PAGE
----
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Introduction to Accelerator Dynamics

£62.99

  • Date Published: August 2017
  • availability: In stock
  • format: Hardback
  • isbn: 9781107132849

£ 62.99
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About the Authors
  • How does a particle accelerator work? The most direct and intuitive answer focuses on the dynamics of single particles as they travel through an accelerator. Particle accelerators are becoming ever more sophisticated and diverse, from the Large Hadron Collider (LHC) at CERN to multi-MW linear accelerators and small medical synchrotrons. This self-contained book presents a pedagogical account of the important field of accelerator physics, which has grown rapidly since its inception in the latter half of the last century. Key topics covered include the physics of particle acceleration, collision and beam dynamics, and the engineering considerations intrinsic to the effective construction and operation of particle accelerators. By drawing direct connections between accelerator technology and the parallel development of computational capability, this book offers an accessible introduction to this exciting field at a level appropriate for advanced undergraduate and graduate students, accelerator scientists, and engineers.

    • Focuses on single particle dynamics and accelerator technology, providing direct insight into the physics of particle accelerators and the engineering factors key in their construction and operation
    • Supporting website hosts interactive versions of features in the book, providing reader interactivity on multiple platforms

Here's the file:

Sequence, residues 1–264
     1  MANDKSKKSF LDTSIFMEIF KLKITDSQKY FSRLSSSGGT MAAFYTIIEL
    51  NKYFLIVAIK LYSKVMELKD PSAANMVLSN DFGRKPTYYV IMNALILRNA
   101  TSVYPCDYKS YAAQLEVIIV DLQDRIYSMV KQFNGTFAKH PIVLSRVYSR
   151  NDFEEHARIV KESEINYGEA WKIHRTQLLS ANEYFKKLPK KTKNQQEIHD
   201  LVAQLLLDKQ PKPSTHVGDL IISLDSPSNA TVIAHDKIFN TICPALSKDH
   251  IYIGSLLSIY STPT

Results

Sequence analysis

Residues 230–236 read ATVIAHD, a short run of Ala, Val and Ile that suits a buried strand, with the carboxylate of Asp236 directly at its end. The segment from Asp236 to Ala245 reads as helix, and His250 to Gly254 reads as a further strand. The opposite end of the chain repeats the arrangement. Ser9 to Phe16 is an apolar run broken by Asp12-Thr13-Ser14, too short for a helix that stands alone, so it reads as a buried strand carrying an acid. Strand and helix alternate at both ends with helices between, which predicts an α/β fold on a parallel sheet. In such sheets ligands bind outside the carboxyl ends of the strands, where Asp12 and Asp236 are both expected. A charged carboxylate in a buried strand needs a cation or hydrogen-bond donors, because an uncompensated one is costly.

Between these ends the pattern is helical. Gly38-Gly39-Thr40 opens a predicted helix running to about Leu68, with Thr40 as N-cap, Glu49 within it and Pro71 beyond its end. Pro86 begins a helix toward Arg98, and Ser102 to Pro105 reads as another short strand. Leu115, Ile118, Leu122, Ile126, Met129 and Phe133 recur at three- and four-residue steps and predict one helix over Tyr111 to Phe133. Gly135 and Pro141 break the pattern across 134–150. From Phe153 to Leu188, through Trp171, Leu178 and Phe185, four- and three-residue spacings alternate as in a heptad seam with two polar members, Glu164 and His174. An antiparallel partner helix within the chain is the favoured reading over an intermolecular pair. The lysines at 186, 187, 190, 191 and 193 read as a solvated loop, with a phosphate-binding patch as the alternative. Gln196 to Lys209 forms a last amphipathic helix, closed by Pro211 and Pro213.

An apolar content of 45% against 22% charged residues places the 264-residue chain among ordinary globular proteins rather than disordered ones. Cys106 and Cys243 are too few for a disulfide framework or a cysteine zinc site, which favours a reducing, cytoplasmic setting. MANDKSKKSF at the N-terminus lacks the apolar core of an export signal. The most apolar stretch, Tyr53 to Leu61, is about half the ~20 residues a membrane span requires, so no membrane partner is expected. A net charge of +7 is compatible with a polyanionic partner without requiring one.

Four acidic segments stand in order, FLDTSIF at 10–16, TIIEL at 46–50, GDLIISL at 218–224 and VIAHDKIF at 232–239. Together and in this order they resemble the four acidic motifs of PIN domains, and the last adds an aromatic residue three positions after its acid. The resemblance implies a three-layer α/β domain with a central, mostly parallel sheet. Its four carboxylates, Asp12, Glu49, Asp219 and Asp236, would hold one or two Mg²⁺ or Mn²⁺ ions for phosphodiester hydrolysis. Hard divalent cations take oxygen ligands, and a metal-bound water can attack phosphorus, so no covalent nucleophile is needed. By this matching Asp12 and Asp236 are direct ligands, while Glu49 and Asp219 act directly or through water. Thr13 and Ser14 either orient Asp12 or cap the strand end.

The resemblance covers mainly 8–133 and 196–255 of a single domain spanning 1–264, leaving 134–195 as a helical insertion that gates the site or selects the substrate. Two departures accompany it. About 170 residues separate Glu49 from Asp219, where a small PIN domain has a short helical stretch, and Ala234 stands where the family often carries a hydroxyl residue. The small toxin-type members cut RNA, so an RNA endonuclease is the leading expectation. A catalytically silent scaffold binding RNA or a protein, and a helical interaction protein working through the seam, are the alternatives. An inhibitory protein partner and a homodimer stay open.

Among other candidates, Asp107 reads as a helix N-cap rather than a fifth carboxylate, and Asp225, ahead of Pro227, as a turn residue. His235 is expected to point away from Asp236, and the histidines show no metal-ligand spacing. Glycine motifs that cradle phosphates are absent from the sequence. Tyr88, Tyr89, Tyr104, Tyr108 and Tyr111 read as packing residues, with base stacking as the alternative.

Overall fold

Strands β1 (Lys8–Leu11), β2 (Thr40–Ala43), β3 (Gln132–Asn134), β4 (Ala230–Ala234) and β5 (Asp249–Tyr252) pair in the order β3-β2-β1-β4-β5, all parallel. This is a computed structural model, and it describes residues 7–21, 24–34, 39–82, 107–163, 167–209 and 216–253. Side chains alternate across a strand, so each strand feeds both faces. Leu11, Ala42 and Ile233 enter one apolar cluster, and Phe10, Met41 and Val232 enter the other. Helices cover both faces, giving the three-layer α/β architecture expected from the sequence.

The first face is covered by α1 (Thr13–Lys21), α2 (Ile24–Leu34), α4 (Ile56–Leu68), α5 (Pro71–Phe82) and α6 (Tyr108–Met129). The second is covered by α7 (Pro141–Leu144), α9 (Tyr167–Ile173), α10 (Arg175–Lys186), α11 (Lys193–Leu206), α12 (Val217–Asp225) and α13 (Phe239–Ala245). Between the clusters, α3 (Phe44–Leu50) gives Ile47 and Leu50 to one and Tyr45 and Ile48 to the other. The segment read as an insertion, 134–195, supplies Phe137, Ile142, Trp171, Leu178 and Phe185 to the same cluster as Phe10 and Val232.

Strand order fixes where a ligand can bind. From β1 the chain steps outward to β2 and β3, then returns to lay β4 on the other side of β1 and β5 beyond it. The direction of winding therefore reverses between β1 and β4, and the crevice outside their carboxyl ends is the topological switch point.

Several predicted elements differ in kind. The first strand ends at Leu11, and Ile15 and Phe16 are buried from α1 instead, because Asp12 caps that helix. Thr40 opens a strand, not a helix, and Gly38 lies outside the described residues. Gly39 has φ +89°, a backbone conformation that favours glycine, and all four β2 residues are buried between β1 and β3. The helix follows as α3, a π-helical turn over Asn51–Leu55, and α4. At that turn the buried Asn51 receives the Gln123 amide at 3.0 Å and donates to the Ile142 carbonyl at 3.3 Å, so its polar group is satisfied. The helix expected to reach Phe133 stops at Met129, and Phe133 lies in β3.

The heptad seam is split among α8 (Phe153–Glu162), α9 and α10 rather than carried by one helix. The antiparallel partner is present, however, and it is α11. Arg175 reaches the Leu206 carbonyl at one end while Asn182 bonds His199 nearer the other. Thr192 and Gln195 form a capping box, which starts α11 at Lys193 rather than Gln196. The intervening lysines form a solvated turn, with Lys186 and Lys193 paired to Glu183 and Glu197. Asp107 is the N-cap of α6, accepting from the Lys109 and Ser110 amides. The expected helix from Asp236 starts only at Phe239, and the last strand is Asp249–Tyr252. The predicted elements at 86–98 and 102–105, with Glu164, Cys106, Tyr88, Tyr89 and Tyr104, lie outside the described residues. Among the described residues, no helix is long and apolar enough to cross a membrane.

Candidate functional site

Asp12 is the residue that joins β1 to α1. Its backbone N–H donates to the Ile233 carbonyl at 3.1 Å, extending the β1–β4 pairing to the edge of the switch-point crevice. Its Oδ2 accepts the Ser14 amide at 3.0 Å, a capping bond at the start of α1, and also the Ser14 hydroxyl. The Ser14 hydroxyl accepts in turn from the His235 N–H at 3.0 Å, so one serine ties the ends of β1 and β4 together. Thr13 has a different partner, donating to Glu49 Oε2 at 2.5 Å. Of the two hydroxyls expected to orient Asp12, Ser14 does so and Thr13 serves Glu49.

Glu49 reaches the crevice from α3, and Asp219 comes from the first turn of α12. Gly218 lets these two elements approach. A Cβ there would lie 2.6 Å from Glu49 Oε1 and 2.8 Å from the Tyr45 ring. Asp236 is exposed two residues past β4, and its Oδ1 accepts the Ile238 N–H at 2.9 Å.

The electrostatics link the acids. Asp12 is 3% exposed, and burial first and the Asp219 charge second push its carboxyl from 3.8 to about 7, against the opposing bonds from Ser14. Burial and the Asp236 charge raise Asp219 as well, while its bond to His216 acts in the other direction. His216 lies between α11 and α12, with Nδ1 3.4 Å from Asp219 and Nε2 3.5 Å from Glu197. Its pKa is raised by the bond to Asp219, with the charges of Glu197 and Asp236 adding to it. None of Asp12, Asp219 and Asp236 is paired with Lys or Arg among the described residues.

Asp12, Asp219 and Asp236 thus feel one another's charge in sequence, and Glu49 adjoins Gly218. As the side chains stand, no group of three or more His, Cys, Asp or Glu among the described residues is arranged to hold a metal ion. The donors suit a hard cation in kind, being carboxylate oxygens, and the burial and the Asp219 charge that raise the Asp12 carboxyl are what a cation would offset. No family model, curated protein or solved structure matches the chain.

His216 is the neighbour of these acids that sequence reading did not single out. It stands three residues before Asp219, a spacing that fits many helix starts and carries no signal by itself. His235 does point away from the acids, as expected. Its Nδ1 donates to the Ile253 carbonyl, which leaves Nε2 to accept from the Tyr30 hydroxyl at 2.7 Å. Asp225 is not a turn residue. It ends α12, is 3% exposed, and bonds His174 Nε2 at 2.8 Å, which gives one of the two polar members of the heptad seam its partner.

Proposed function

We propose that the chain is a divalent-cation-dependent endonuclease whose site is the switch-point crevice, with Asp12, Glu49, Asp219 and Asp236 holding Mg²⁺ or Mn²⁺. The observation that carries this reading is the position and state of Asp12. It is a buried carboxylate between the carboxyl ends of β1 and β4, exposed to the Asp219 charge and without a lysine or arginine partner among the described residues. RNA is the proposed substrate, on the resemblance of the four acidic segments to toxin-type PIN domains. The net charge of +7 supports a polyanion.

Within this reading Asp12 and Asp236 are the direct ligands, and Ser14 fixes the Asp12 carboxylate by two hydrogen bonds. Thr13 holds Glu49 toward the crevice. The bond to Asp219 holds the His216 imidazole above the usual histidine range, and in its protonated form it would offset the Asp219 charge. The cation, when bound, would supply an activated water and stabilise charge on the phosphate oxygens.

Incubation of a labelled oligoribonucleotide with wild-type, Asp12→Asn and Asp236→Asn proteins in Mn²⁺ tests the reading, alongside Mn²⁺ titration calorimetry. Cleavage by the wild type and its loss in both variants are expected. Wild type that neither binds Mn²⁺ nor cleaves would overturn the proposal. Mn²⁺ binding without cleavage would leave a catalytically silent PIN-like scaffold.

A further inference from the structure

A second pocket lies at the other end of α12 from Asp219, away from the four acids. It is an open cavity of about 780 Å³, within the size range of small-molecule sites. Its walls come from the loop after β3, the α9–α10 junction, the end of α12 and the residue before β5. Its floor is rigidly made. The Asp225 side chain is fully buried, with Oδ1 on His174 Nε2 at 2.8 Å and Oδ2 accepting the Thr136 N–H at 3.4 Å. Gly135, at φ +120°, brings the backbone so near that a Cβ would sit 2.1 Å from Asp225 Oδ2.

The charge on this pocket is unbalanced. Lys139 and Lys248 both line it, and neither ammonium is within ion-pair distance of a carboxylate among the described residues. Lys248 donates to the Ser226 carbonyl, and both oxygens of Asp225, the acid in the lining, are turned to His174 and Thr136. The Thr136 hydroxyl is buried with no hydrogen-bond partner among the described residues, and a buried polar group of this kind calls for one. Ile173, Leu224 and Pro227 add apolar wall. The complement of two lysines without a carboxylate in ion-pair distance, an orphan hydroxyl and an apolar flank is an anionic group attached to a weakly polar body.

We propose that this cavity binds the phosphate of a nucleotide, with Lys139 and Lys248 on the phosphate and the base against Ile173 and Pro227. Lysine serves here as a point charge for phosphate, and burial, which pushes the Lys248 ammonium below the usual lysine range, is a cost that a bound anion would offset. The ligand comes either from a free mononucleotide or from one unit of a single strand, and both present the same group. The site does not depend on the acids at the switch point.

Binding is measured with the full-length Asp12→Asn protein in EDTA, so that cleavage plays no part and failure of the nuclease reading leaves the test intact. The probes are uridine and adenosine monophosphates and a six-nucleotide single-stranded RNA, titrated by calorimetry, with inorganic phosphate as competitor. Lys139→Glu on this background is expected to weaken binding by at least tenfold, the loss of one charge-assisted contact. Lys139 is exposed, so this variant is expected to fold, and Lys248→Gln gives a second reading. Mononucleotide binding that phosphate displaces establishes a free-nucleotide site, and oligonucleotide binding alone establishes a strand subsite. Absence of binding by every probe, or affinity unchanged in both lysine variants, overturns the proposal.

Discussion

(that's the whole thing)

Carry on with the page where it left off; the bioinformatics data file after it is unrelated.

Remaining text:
• Includes numerous homework problems to reinforce key physical principles developed within the text
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    Product details

    • Date Published: August 2017
    • format: Hardback
    • isbn: 9781107132849
    • length: 218 pages
    • dimensions: 254 x 179 x 14 mm
    • weight: 0.58kg
    • contains: 99 b/w illus. 6 tables 100 exercises
    • availability: In stock
  • Table of Contents

    Preface
    1. Introduction
    2. Linear motion
    3. Strong focusing transverse optics
    4. Longitudinal and off-momentum motion
    5. Action and emittance – one particle or many?
    6. Magnets
    7. RF cavities
    8. Linear errors and their correction
    9. Sextupoles, chromaticity and the Hénon map
    10. Octupoles, detuning and slow extraction
    11. Synchrotron radiation – classical damping
    12. Synchrotron radiation – quantum excitation
    13. Linacs – protons and ions
    14. Linacs – electrons
    15. The beam-beam interaction and 1-D resonances
    16. Routes to chaos
    Appendix: selected formulae for accelerator design
    References
    Index.

  • Authors

    Stephen Peggs, Brookhaven National Laboratory, New York
    Stephen Peggs is a Senior Scientist at Brookhaven National Laboratory, New York, and an Adjunct Professor of Physics at the State University of New York, Stony Brook, where he was closely involved in building and commissioning the Relativistic Heavy Ion Collider (RHIC). He has worked internationally on a variety of accelerators, including the Cornell Electron Storage Ring, the Super Proton Synchotron collider at CERN, the Superconducting Super Collider in Texas, the Tevatron and the Main Injector at Fermilab, and the European Spallation Source in Sweden. He is a Fellow of the American Physical Society.

    Todd Satogata, Jefferson Lab
    Todd Satogata is a Senior Physicist at the Center for Advanced Studies of Accelerators at the Thomas Jefferson National Accelerator Facility (Jefferson Lab) and a Jefferson Lab Professor at the Centre for Accelerator Science at Old Dominion University, Virginia. During his career he has worked on the commissioning, design, building, and operation of the Relativistic Heavy Ion Collider at the Brookhaven National Laboratory, New York, and commissioning and operation of the 12 GeV CEBAF upgrade at Jefferson Lab, in addition to developing medical accelerators, proton beam imaging techniques, and accelerator control systems.

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